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Clin Genet. 1999 Oct;56(4):247-58.

Pharmacogenetics and pharmacogenomics: why is this relevant to the clinical geneticist?

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Center for Environmental Genetics, Department of Environmental Health, University of Cincinnati Medical Center, OH 45267-0056, USA.


Adverse drug reactions, due at least in part to interindividual variability in drug response, rank between the 4th and 6th leading causes of death in the USA. The field of 'pharmacogenetics', which is 'the study of variability in drug response due to heredity', should help in reducing drug-caused morbidity and mortality. The recently coined term 'pharmacogenomics' usually refers to 'the field of new drug development based on our rapidly increasing knowledge of all genes in the human genome'. However, the two terms - pharmacogenetics and pharmacogenomics - are often used interchangeably. A classification of more than five dozen pharmacogenetic differences is presented here. Most of these variations occur in drug-metabolizing enzyme (DME) genes, with some presumed to exist in the DME receptor and drug transporter genes, and others have not yet been explained on a molecular basis. A method for unequivocally defining a quantitative phenotype (drug efficacy, toxicity, etc.) is proposed; this is where help from the clinical geneticist can be especially important. Our current appreciation of the degree of variability (including single-nucleotide polymorphisms, SNPs) in the human genome is described, with emphasis on the need to prove that a particular genotype is indeed the cause of a specific phenotype; this topic has been termed 'functional genomics'. Furthermore, the current amount of admixture amongst almost all ethnic groups will obviously make studies of gene-drug interactions more complicated, as will the withholding of ethnic information about DNA samples during any molecular epidemiologic study. DME genes and DME receptor and drug transporter genes can be regarded as 'modifier genes', because they influence disorders as diverse as risk of cancer, bone marrow toxicity resulting from occupational exposure, and Parkinson's disease; for this reason, the clinical geneticist, as well as the medical genetics counselor, should be knowledgeable in the rapidly expanding fields of pharmacogenetics and pharmacogenomics.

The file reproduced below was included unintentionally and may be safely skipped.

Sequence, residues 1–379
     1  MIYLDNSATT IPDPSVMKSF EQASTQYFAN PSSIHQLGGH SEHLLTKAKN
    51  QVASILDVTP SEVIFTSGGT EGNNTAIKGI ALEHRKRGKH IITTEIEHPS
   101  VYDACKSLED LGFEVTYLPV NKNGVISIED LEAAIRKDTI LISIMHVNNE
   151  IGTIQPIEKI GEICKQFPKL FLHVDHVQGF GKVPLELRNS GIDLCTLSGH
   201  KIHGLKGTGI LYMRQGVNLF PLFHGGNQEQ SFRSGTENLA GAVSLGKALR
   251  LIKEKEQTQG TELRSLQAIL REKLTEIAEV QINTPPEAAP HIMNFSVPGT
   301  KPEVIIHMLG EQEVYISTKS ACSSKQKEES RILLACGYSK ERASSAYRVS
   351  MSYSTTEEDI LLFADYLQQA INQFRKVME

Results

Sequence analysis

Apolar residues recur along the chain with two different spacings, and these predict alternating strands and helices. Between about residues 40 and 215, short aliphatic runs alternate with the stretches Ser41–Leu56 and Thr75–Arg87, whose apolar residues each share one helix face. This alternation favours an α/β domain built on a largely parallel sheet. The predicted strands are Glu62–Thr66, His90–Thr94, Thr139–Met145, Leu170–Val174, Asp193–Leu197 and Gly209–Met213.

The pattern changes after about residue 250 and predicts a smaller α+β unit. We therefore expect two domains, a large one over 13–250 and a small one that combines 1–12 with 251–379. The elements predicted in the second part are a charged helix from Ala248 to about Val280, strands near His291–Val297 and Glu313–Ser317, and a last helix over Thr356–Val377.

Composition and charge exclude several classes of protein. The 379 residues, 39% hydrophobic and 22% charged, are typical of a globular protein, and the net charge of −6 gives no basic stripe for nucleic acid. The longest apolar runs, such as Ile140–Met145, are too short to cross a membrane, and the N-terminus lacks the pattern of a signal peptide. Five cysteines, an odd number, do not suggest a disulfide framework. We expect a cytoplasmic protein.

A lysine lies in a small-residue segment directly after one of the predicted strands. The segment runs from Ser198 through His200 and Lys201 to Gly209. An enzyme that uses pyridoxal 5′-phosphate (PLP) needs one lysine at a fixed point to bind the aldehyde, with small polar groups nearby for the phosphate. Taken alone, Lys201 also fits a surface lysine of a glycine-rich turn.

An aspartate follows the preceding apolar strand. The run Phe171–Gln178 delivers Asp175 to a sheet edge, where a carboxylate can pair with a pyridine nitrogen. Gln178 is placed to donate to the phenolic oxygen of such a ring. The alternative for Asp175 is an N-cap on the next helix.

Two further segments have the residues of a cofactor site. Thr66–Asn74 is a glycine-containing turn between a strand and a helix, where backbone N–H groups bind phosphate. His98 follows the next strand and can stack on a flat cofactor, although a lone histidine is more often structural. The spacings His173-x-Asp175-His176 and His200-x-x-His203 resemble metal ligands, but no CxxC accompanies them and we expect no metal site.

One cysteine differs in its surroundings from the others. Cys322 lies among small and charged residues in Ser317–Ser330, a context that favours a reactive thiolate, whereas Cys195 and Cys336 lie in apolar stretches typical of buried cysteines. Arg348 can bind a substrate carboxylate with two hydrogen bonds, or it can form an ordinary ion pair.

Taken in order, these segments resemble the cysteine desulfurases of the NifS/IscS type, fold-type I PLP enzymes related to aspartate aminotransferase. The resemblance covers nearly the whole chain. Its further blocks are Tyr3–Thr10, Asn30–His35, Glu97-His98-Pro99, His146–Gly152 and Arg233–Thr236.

[Indexed for MEDLINE]

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